WASHINGTON — Amid divisions among Democrats in Congress, the Senate is to begin debate today on legislation that would increase the minimum wage for the first time in a decade.
The House, where Democrats hold a 32-seat majority, has passed the bill raising the rate to $7.25 from $5.15 over two years without tax breaks for small businesses. However, Senate Democrats, who hold just a 51-49 majority, are expected to attach a multibillion-dollar tax incentive package to the bill in order to garner enough support from Republicans to push the measure past the 60-vote threshold needed to cut off any attempt to filibuster.
A spokesman for Senate Majority Leader Harry Reid (D., Nev.) said Friday the tax breaks will be offered as an amendment and that differences between the Senate and House will be “worked out in conference.” Sen. Max Baucus (D., Mont.), chairman of the Senate Finance Committee, has been more emphatic, saying flatly that Democrats do not have enough votes to overcome a filibuster without offering the tax breaks.
However, Rep. Charles Rangel (D., N.Y.), chairman of the House Ways & Means Committee, has threatened to use a procedural maneuver to reject the Senate bill if it contains the tax breaks. The entire matter could be left in the hands of Reid and House Speaker Nancy Pelosi (D., Calif.) to iron out the differences.
Opponents of the bill argue that it would be an unfair burden without the tax breaks, while supporters see benefits from increased discretionary income for their customers.
Sen. Edward Kennedy (D., Mass.), a longtime champion of an increase who opposes the tax incentives, circulated a statement at a Friday press conference signed by hundreds of small-business supporters, including Eileen Fisher, president and chief executive officer of Eileen Fisher Inc.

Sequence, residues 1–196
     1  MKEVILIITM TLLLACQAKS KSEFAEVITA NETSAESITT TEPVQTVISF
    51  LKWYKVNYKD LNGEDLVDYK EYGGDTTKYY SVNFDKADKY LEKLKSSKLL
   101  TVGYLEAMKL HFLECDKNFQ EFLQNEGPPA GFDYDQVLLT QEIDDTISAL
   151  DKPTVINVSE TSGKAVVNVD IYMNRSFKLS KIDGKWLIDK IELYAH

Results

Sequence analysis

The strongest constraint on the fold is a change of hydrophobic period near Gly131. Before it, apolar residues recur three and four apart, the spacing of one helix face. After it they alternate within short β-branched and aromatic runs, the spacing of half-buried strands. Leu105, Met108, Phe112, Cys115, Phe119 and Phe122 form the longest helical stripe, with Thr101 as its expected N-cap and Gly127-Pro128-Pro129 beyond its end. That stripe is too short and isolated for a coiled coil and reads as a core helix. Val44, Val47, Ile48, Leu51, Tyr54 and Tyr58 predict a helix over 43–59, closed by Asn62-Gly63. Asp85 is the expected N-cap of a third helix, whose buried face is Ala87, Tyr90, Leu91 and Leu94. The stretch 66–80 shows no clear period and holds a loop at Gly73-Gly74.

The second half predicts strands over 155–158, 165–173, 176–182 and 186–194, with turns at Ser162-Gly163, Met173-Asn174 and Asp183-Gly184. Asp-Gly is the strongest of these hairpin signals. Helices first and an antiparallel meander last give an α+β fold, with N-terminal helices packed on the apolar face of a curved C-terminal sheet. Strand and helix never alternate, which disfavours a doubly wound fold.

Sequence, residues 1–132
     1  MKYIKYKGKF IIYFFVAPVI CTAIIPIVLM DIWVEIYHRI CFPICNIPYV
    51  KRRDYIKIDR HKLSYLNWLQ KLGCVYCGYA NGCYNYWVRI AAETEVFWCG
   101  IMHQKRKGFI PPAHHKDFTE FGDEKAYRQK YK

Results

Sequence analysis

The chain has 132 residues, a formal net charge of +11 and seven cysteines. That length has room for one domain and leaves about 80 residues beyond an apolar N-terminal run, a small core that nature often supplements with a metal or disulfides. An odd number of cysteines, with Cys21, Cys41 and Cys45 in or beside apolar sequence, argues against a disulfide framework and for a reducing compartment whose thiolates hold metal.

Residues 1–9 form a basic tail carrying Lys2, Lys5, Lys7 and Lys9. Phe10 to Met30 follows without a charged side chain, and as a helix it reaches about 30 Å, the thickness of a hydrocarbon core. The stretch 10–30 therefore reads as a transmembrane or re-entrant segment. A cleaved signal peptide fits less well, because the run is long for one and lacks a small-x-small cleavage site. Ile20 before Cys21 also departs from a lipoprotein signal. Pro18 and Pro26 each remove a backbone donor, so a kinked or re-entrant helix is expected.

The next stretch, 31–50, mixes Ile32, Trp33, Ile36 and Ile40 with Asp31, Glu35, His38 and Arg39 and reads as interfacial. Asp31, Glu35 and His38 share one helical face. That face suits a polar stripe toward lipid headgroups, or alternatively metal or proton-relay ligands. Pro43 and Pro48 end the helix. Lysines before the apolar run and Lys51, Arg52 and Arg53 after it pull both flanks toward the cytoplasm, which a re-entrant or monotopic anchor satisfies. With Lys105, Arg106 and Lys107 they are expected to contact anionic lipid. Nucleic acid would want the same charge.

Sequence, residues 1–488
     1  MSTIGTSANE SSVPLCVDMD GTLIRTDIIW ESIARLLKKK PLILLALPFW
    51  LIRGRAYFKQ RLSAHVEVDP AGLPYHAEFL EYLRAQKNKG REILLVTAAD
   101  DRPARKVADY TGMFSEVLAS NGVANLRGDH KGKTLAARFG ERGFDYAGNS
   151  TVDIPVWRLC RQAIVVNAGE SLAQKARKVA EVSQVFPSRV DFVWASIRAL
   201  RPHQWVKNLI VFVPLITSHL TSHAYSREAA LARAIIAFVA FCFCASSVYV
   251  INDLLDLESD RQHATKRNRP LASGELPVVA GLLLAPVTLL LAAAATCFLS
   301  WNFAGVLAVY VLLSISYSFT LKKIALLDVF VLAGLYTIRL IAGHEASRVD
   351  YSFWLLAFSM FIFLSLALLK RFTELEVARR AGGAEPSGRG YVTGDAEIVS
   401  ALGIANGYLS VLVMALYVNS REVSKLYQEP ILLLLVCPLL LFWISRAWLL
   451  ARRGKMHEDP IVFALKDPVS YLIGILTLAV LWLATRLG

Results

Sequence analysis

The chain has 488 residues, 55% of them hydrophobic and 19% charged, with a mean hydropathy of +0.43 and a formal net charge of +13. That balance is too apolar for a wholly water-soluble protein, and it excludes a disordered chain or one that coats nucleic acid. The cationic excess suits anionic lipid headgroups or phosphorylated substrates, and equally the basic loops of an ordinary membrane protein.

“Higher wages benefit business by increasing consumer purchasing power, reducing costly employee turnover, raising productivity and improving product quality, customer satisfaction and company reputation,” the executives said in the letter.
They also pointed to the 20 states and the District of Columbia that already have minimum wage rates that exceed the existing federal standard.
“States that have raised their minimum wage rates above the inadequate $5.15 federal level have had better employment and small business trends than the other states,” the letter stated.
Stefani Greenfield, co-owner of Scoop, which operates 11 contemporary boutiques employing more than 350 people in New York, Florida, Illinois, Nevada, Texas, Connecticut and New Jersey, said she supports a higher minimum wage.
“I think you have to be more concerned about the future of your business and the economy than what you pay people to do a job,” Greenfield said. “If business isn’t good, it doesn’t matter what the minimum wage rate is. Most people live on credit and most people live paycheck to paycheck, so the more money [they earn], the more money they put back into the market.”
She said the increase in the federal standard will not affect her business because all of her employees are already paid above the federal minimum rate.
“My partner and I go home every night and worry about our 350-plus employees as much as we worry about sales,” Greenfield said.
H. Lee Scott, president and chief executive officer of Wal-Mart Stores Inc., the world’s biggest retailer, has said the discount giant supports a minimum wage increase because it would give customers more spending power.
The National Retail Federation originally opposed a straight increase but now has said it would support the bill if it includes tax incentives for smaller retailers.
As for tying the wage hike to tax relief, Kennedy said, “There is no justification or reason to provide additional tax breaks that are just going to increase the deficit, the debt.” But he added, “If … the decision is made by the leadership that a modest program has to be included, we’re certainly going to be open to that.”
President Bush has said he supports an increase, contingent on tax incentives. He has stopped short of saying he would veto the bill without the breaks.